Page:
Book Reviews of Dear Mad'm Who Was She?.

Soon after publishing Dear Mad'm in 1982 fan mail began to pour in, readers being curious to know what "Dear Mad'm" (Stella Patterson) did after the year was up in which she had vowed to live on the mining claim. Wishing to answer their questions these past thirty years, we relied on what little we knew, most of which came from the three Chicago ladies who, with the help of Dear Sir, had purchased her cabin. Also included was a copy of a local newspaper column. We, too, were curious. Had we only known back then the local old-timers who remembered Stella Patterson, we could have learned so much before most passed away.

One lucky day a couple, Peter and Elizabeth Lismer, stopped in at Naturegraph. The husband said he was a distant relative of Dear Mad'm, but like we, knew little about her. We quickly explained how many people wanted to know about her, especially after she left the Happy Camp area. Being related they could locate old family records and letters that had been kept. This started the ball rolling for several years of research.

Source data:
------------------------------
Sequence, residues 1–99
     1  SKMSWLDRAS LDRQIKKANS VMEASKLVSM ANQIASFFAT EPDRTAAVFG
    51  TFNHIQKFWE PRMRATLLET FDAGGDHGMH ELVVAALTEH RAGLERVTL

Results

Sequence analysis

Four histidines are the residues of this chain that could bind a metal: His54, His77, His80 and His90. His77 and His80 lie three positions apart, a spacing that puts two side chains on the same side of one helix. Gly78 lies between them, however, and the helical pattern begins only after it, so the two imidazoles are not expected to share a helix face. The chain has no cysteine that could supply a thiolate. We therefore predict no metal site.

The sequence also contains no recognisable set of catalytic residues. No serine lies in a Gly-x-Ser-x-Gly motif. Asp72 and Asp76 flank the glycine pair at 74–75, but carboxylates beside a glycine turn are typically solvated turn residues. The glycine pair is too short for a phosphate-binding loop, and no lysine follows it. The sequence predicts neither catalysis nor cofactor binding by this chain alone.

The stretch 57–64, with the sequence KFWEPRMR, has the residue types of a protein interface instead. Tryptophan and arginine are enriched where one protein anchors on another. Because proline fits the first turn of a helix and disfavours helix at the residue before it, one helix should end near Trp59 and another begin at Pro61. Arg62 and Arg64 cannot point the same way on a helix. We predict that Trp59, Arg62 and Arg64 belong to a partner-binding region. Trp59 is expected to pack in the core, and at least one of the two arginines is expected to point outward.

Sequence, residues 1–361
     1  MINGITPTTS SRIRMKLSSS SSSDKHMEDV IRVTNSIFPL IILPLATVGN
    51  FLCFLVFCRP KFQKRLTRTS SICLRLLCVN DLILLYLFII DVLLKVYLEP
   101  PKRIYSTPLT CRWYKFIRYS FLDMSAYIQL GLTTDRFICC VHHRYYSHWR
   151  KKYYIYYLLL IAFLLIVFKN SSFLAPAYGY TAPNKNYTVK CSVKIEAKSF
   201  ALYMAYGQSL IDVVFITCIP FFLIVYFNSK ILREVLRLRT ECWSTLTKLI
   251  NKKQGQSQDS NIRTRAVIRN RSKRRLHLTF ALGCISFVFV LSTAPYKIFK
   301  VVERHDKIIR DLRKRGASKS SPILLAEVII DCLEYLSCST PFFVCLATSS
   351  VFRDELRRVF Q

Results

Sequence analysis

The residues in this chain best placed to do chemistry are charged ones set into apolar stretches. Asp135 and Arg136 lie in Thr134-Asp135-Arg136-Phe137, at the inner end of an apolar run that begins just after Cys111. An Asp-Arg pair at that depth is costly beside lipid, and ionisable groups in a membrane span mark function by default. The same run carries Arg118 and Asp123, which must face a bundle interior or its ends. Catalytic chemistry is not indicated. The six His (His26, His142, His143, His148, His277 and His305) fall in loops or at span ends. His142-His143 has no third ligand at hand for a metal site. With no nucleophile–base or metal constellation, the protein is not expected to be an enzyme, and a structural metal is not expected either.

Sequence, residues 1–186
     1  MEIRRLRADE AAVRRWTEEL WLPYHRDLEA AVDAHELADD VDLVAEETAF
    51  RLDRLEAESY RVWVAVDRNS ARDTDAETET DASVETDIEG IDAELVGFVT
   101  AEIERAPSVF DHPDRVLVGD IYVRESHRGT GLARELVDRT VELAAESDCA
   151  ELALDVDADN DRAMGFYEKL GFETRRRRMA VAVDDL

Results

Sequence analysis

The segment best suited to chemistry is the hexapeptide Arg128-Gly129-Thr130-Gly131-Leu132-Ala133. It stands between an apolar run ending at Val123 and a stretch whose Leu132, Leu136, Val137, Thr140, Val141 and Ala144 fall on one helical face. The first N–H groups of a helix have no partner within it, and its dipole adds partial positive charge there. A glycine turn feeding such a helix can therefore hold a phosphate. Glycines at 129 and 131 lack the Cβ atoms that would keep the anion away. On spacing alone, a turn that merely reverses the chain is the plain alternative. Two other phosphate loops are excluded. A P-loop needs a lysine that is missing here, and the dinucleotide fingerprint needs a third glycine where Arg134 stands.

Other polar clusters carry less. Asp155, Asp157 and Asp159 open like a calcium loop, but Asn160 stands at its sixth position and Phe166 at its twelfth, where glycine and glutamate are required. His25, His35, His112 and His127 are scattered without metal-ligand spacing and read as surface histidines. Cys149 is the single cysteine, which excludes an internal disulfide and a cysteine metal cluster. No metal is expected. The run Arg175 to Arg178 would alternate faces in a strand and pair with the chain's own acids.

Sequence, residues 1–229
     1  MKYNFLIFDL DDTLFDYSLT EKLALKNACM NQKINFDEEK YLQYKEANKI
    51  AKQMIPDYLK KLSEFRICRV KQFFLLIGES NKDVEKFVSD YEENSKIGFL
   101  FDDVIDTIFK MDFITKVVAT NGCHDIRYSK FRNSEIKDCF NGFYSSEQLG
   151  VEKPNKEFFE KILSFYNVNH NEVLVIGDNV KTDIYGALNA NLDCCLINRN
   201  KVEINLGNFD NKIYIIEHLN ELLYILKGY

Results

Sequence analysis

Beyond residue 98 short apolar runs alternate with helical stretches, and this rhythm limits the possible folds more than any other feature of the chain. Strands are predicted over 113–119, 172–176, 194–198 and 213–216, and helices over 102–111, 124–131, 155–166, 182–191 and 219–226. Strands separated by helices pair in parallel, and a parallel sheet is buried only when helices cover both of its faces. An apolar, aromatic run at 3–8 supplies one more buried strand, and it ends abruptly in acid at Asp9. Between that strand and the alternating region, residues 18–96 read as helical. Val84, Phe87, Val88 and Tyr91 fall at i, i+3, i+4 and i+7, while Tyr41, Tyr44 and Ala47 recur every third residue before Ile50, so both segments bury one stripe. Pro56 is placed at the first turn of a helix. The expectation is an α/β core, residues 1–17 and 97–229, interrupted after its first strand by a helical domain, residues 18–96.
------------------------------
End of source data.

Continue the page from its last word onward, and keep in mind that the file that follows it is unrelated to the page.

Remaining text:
Dear Mad'm, Who Was She? is a biography of Stella Walthall Patterson (Oct. 14, 1866 - Dec. 23, 1955), orphaned at seven, who, having within her the courageous genes of her ancestors, led a life of adventure and accomplishments—teacher, artist, pianist, wife, mother, adventurer, and above all a writer and storyteller. She was gifted in her observation of life, a foundation for art and of good writing.

Eight of Stella Patterson's original magazine short stories have been found and reprinted for your enjoyment. Each story, like her book, Dear Mad'm, captivates the imagination.

Stella was loyal to Mills College, where she received most of her education, and later traveled to Paris to study painting. She was asked to give the commencement address to the 1956 graduating class at Mills College, but unfortunately died a few months prior. Mill's president White gave the address and eulogized Stella in a way that summed her up: "I wish for you who depart the things Mrs. Patterson had: intellectuality mellowed by insight, warmth without obsessiveness, compassion without sentimentality, and above all, the dual capacity both for being serenely alone even in a crowd and at the same time for feeling akin to all men even in a wilderness."